David Tennant is my Doctor.
One of the things I found most interesting about this episode was the back-and-forth between Olivia and Altlivia. Their differences became so apparent when you could see them, more like see Anna Torv, wearing the same clothes, with the same hair. The loose way Altlivia carries herself and the her impulsiveness contrasted so well with the stiff and distant way Olivia moves and act.
My reactions during the first 30 minutes: ”It’s like Wall-E (ruined Earth)! It’s like Doctor Who (wibbly wobbly timey wimey)! … Holy shit, someone spent a lot of money on this pilot (duh, it’s Spielberg). It’s like Stargate (magic portal)! Um, quantum leap (stuck somewhere with no way back)? Avatar (magical unspoiled land!)”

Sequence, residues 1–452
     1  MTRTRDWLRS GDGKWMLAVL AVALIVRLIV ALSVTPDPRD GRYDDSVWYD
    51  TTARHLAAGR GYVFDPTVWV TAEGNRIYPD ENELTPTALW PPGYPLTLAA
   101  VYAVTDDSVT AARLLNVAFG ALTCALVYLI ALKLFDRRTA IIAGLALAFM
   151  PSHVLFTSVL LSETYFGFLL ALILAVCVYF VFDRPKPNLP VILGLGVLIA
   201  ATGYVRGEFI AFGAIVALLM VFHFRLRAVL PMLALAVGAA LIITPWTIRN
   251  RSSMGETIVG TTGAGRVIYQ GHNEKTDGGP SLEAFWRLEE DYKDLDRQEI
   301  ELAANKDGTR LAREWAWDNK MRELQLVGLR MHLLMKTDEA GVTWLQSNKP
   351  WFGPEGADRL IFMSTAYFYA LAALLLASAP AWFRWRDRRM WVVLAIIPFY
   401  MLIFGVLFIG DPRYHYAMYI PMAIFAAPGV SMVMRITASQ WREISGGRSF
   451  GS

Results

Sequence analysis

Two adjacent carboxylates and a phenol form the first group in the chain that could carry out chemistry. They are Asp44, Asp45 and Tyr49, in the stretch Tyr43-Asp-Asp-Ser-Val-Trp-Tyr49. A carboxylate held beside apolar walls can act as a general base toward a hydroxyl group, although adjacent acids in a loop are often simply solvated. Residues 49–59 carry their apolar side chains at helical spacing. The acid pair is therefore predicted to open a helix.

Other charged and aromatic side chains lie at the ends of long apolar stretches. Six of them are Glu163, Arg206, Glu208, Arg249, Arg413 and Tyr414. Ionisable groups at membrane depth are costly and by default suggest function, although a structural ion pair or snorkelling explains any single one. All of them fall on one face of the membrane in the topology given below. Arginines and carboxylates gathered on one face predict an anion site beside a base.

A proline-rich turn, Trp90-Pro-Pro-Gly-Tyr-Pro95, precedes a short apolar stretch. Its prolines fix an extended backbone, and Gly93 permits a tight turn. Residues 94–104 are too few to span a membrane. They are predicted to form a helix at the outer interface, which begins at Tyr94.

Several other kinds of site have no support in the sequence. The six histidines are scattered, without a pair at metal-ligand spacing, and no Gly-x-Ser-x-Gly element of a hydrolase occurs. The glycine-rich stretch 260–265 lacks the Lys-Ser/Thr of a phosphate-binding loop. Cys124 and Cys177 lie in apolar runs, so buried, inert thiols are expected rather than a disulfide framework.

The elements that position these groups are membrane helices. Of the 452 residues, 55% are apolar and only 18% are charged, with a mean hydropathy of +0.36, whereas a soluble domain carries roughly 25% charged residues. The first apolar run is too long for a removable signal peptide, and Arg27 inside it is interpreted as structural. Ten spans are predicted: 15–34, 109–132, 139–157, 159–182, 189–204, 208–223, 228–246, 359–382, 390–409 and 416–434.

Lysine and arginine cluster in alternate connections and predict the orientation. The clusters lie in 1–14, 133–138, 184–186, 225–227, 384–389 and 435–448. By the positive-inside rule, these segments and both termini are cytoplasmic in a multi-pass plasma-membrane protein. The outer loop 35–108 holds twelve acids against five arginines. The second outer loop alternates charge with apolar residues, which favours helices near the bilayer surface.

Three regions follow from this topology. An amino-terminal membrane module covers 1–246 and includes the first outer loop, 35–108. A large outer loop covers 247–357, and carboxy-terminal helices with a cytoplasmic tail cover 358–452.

After the first couple of minutes, I was already hooked because of this strange distopian future Earth with its population police and unbreathable air. I’m a sucker for it.
At first I couldn’t figure out if the purpose of the Terra Nova project was to prevent civilization from becoming what it became or to create a new civilization in another time to prevent the human race from dying out. After the mention of the probe, it became very clear that since they’re in some alternate timeline type thing just to prevent the obvious paradox of going back in time. (Living in the past 85 million years ago and changing the course of history would prevent yourself from being born in the first place, making it impossible for them to go back in the first place.) But if the purpose of the project is to save people, why is there just some small colony?